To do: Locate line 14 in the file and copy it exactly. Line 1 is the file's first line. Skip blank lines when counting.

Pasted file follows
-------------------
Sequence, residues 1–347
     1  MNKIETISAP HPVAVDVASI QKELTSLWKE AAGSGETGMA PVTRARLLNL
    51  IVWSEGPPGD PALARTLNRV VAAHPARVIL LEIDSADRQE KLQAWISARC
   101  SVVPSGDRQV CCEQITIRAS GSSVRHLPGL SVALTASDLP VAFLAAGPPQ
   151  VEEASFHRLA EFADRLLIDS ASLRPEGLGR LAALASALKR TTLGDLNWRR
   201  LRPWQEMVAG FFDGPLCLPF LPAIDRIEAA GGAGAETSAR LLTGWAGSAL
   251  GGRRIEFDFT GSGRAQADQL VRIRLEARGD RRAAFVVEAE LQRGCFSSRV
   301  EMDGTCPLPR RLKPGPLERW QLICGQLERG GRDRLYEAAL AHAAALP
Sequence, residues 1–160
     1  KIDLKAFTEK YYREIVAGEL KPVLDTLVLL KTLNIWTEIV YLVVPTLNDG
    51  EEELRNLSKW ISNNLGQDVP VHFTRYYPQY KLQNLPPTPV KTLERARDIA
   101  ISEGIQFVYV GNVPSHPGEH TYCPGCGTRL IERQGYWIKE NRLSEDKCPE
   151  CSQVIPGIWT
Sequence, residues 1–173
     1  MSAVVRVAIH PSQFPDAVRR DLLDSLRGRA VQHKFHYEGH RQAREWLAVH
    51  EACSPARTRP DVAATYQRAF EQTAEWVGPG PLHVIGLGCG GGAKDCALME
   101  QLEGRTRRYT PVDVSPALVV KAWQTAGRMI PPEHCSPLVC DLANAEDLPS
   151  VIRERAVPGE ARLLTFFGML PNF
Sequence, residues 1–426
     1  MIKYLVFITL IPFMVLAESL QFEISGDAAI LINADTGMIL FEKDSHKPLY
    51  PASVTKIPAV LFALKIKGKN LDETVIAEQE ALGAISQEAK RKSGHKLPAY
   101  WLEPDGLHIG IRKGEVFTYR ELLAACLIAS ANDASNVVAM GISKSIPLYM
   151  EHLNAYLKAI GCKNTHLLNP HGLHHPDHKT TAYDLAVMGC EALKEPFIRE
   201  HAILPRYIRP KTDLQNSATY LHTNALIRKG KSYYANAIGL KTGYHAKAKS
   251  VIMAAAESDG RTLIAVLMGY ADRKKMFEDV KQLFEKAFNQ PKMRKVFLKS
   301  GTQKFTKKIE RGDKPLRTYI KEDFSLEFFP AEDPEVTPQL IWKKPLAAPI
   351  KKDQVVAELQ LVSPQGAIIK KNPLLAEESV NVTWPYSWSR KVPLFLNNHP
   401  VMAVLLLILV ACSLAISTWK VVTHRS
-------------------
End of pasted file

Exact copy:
Sequence, residues 1–173